|Photo by WT Manfull|
At sixty, I no longer harbor illusions of speaking fluent French. My ambitions are greatly reduced. At this point in my life, if I could expand my comfort zone to include more tenses than le présent de l’indicatif and passé composé, I would feel I had accomplished something significant. The roller coaster ride on the way to fluent French has not been in vain, though. I’ve learned other lessons, many of which transcend learning any foreign language and have undoubtedly propelled me closer to who I’d like to be than conjugating 14 tenses of French would ever have done for me.
I’ve mastered the fine art of laughing at myself, cultivated greater patience and even more empathy (already in abundance people would say), and, most importantly, accepted that success is measured in many ways.
When learning a language, one has to have a sense of humor and a strong sense of self that is well insulated and wrapped in thick skin. Because, as only those of you who strive to acquire another language can fully appreciate, the experience is famously riddled with opportunities for everything to go awry, leaving the speaker standing painfully naked before the listener. There are French words that will never pass my lips again for fear of such exposure.
At the top of that list of French words to avoid at all costs is cou (speaking of feeling naked). I was forewarned by my French teacher to tread carefully—and with pursed lips—when introducing cou, the French word for neck, into friendly conversation. Feeling uncharacteristically confident one morning in the pharmacy in Lourmarin, I neglected to heed this sage piece of advice. After a futile attempt to recall gorge to describe my daughter’s sore throat to the pharmacist, I thought of cou for a reasonable substitute. Cou, predictably, failed to emerge properly from my mis-shaped American lips and much to my daughter’s chagrin, out came cul, a somewhat vulgar term for the other end of the torso.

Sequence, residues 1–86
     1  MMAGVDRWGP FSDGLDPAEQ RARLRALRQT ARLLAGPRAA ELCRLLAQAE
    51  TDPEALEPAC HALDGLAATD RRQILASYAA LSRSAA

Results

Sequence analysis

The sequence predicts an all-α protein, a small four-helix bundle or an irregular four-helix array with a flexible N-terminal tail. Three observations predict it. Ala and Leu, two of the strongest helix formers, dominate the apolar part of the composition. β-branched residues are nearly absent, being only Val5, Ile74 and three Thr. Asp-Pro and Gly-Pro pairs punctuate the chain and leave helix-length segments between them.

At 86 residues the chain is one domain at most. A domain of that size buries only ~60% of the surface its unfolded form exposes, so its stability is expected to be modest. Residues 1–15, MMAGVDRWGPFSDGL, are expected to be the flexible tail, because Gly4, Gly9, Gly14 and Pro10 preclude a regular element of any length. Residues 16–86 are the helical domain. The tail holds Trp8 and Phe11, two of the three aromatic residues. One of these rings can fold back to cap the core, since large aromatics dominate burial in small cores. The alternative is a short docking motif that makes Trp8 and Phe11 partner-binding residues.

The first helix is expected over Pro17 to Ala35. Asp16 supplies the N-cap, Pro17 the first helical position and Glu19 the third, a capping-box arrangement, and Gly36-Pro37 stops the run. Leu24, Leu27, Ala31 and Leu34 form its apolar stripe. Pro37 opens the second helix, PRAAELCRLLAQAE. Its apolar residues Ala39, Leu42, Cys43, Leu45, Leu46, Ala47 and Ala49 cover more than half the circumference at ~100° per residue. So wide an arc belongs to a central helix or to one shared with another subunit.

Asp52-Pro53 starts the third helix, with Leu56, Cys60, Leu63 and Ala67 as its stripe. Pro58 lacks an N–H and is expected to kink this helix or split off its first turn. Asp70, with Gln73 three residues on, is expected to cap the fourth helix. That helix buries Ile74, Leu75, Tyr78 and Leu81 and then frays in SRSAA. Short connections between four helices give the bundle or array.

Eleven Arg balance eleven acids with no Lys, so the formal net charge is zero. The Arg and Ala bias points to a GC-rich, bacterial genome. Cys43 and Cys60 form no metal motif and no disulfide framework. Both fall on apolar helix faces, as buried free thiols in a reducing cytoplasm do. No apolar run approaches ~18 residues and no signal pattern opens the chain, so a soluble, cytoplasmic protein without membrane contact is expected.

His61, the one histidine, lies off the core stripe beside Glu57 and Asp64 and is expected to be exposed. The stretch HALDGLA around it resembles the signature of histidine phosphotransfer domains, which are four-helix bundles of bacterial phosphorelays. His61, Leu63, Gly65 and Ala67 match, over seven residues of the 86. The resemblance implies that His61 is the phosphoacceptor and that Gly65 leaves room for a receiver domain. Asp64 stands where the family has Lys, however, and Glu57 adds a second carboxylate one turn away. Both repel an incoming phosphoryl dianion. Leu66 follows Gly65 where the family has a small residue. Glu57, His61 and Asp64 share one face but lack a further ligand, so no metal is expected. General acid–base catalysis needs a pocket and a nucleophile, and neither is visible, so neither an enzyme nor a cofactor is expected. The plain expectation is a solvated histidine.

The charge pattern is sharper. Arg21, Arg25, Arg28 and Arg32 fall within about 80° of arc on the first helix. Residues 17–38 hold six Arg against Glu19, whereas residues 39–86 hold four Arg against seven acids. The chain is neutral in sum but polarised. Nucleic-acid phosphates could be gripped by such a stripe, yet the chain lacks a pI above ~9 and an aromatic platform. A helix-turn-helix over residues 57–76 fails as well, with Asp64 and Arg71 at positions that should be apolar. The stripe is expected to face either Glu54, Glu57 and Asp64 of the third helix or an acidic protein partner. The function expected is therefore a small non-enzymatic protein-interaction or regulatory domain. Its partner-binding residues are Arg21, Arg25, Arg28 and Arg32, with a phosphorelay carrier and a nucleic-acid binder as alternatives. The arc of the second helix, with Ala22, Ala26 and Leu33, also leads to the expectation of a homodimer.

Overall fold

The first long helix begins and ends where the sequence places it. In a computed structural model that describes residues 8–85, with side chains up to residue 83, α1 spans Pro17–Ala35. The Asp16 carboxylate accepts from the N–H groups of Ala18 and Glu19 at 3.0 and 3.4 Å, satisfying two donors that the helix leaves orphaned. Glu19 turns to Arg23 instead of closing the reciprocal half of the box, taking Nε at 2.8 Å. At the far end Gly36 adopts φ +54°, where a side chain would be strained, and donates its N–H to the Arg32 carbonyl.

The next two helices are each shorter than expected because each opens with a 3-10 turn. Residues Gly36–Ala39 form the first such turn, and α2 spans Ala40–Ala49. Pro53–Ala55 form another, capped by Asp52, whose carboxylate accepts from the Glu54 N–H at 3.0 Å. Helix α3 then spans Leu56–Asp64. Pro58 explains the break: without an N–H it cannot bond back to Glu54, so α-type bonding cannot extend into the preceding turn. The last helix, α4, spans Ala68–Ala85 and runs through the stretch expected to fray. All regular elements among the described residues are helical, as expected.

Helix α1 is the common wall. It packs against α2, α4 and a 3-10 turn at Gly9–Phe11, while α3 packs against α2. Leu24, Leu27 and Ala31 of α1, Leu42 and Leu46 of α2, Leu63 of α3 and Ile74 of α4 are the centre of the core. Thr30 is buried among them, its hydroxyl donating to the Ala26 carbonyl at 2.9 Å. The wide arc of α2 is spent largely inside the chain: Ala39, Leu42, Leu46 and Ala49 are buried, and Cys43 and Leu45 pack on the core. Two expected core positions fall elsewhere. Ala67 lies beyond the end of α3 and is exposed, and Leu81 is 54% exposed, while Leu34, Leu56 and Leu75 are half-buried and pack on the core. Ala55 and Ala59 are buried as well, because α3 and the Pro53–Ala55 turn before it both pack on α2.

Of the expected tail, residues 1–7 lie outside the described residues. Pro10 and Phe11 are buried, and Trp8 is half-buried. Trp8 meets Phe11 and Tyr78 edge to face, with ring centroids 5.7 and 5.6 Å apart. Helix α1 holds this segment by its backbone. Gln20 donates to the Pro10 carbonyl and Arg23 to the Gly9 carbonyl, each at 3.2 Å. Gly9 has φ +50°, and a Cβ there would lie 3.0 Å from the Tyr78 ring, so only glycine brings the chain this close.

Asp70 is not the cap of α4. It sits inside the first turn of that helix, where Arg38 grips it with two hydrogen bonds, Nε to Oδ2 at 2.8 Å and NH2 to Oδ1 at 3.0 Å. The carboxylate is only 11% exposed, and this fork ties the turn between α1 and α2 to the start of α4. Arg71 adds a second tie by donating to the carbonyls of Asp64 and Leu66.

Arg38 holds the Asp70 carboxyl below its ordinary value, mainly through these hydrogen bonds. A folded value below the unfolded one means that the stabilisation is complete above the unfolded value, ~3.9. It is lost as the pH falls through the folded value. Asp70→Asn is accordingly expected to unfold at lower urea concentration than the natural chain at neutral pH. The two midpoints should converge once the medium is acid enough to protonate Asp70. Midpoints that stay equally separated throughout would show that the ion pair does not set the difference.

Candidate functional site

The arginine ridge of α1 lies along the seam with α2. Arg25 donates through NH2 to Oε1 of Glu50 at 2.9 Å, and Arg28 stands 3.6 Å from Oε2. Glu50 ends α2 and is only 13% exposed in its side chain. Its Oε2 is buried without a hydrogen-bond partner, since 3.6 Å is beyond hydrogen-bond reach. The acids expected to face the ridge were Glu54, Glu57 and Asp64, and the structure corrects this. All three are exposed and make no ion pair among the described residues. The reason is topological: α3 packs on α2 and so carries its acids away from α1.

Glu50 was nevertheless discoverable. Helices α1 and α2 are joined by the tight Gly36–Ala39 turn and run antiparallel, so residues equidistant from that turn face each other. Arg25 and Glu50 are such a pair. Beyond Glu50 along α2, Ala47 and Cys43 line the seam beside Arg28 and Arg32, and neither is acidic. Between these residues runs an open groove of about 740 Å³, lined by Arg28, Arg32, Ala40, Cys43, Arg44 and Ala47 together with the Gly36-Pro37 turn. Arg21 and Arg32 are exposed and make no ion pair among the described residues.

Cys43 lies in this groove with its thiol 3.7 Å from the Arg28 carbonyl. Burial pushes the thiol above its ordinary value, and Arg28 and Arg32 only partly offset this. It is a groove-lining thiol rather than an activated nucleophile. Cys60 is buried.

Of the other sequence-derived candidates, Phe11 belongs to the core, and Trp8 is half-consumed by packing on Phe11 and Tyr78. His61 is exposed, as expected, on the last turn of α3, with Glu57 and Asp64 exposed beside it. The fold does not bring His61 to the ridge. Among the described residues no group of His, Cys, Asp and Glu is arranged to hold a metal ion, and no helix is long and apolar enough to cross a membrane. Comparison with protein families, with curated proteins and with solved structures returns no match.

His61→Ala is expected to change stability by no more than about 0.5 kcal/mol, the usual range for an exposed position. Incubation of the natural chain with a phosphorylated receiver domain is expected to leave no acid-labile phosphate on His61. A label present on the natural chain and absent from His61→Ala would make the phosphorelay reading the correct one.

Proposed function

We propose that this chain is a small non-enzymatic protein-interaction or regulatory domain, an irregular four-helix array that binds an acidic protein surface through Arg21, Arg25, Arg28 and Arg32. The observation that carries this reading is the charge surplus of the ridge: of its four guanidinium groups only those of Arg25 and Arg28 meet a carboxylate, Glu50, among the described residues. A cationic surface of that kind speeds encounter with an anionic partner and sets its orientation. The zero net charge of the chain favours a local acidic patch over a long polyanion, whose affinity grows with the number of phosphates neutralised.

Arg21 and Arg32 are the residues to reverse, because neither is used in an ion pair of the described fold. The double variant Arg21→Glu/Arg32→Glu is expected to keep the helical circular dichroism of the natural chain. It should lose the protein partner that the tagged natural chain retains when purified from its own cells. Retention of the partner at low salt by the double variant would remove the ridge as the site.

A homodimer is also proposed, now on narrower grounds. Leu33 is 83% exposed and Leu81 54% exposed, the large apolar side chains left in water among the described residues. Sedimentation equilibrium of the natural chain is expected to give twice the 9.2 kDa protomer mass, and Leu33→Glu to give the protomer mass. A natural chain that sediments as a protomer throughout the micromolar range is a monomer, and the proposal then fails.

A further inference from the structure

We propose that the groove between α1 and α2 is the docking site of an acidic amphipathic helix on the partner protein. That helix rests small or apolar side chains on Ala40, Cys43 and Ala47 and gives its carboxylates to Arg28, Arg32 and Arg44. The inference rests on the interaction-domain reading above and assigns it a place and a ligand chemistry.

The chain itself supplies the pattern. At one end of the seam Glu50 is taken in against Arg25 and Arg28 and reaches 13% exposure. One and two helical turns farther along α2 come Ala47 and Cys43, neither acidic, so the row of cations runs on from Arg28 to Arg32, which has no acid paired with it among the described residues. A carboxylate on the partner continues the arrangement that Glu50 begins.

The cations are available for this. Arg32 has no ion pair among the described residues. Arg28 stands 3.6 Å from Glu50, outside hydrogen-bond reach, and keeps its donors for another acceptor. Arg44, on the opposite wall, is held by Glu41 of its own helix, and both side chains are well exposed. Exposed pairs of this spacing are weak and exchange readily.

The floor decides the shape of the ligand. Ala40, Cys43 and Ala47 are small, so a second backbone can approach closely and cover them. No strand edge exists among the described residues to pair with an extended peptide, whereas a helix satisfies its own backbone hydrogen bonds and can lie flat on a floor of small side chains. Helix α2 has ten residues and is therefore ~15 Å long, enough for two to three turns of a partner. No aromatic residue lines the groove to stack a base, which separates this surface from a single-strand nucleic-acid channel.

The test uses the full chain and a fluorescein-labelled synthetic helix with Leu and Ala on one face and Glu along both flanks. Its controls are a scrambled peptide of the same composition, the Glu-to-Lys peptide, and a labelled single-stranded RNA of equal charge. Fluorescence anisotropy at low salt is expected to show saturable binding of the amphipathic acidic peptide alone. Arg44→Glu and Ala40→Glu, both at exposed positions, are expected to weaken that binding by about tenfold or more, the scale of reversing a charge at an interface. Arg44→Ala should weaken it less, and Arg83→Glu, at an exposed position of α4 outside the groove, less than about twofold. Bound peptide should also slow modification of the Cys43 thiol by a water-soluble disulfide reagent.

Even the slightest mispronunciation can wreak havoc when speaking French. Asking someone to répétez takes on a completely different meaning when the first ‘e’ is not accented. Instead of requesting that something you’ve not heard be repeated, you could easily find yourself asking the person with whom you are having a nice conversation to pass gas again if you inadvertently substitute "repétez."
Slightly less embarrassing, I once told a store owner that I was looking for a crevette for a gift for my nephew rather than a cravate. That is to say, a shrimp rather than a necktie. My husband hastens to remind me that I have, on more than one occasion, introduced him, not as a “mon mari,” my husband, but as “ma mairie,” my town hall, or “ma mère,” my mother. Now, I just don’t introduce him.
A strong sense of self also enables one to more readily shed roles of authority when they require a command of the French language. The task of reporting our stolen car to the local gendarmes fell on the shoulders of our 11-year-old daughter, whose malleable brain had managed to absorb more French in a couple of months than I had in the previous six years. She took her temporary role in stride, probably even deriving some secret prepubescent pleasure from thinking she rather than her mother was in charge.
Learning to be patient while keeping a smile on one’s face also comes with the territory of learning a foreign language. Sometimes the avalanche of French conversation seems interminable but eventually it will come to a halt if for no other reason than a breath is necessary. At that point, someone--usually my husband—can surface with an English translation. Then, I know whether I should retain the smile pasted on my face or switch to another expression better suited to the contents of the discourse, about which, at least in the early days of French Lessons, I was known to have completely misunderstood. (Even today, years into these lessons, I am often bowled over by how one tiny error in translation on top of another can take one in a direction completely unrelated to the subject at hand.)
Friends and family, upon hearing these stories, marvel at the thickness of my skin and the perseverance with which I have pursued my goal of learning French. So most were not surprised when I announced my intention to enroll in a French language immersion course in the South of France.
|Photo by Pamela O'Neill|
After some research, I selected CREA-Langues, a school near the 5th-century village of Moustiers-Sainte-Mairie in the Haute-Alpes department of Provence, about 100 kilometers (about 60 miles) from Lourmarin, where our family likes to hang our hats. This segment of my French Lessons was ten years ago now, but it remains as vivid today as when I lived through it.
The 19th-century Monastère de Segries, home to the language school where I would be for seven days, was just six kilometers past Moustiers. As I approached the village, I suddenly remembered that, when I visited this area two years earlier, my cell phone could not pick up a signal. Panic set in when a furtive glance at my cell phone confirmed my fear. How would I make it through the week without a covert conversation in English?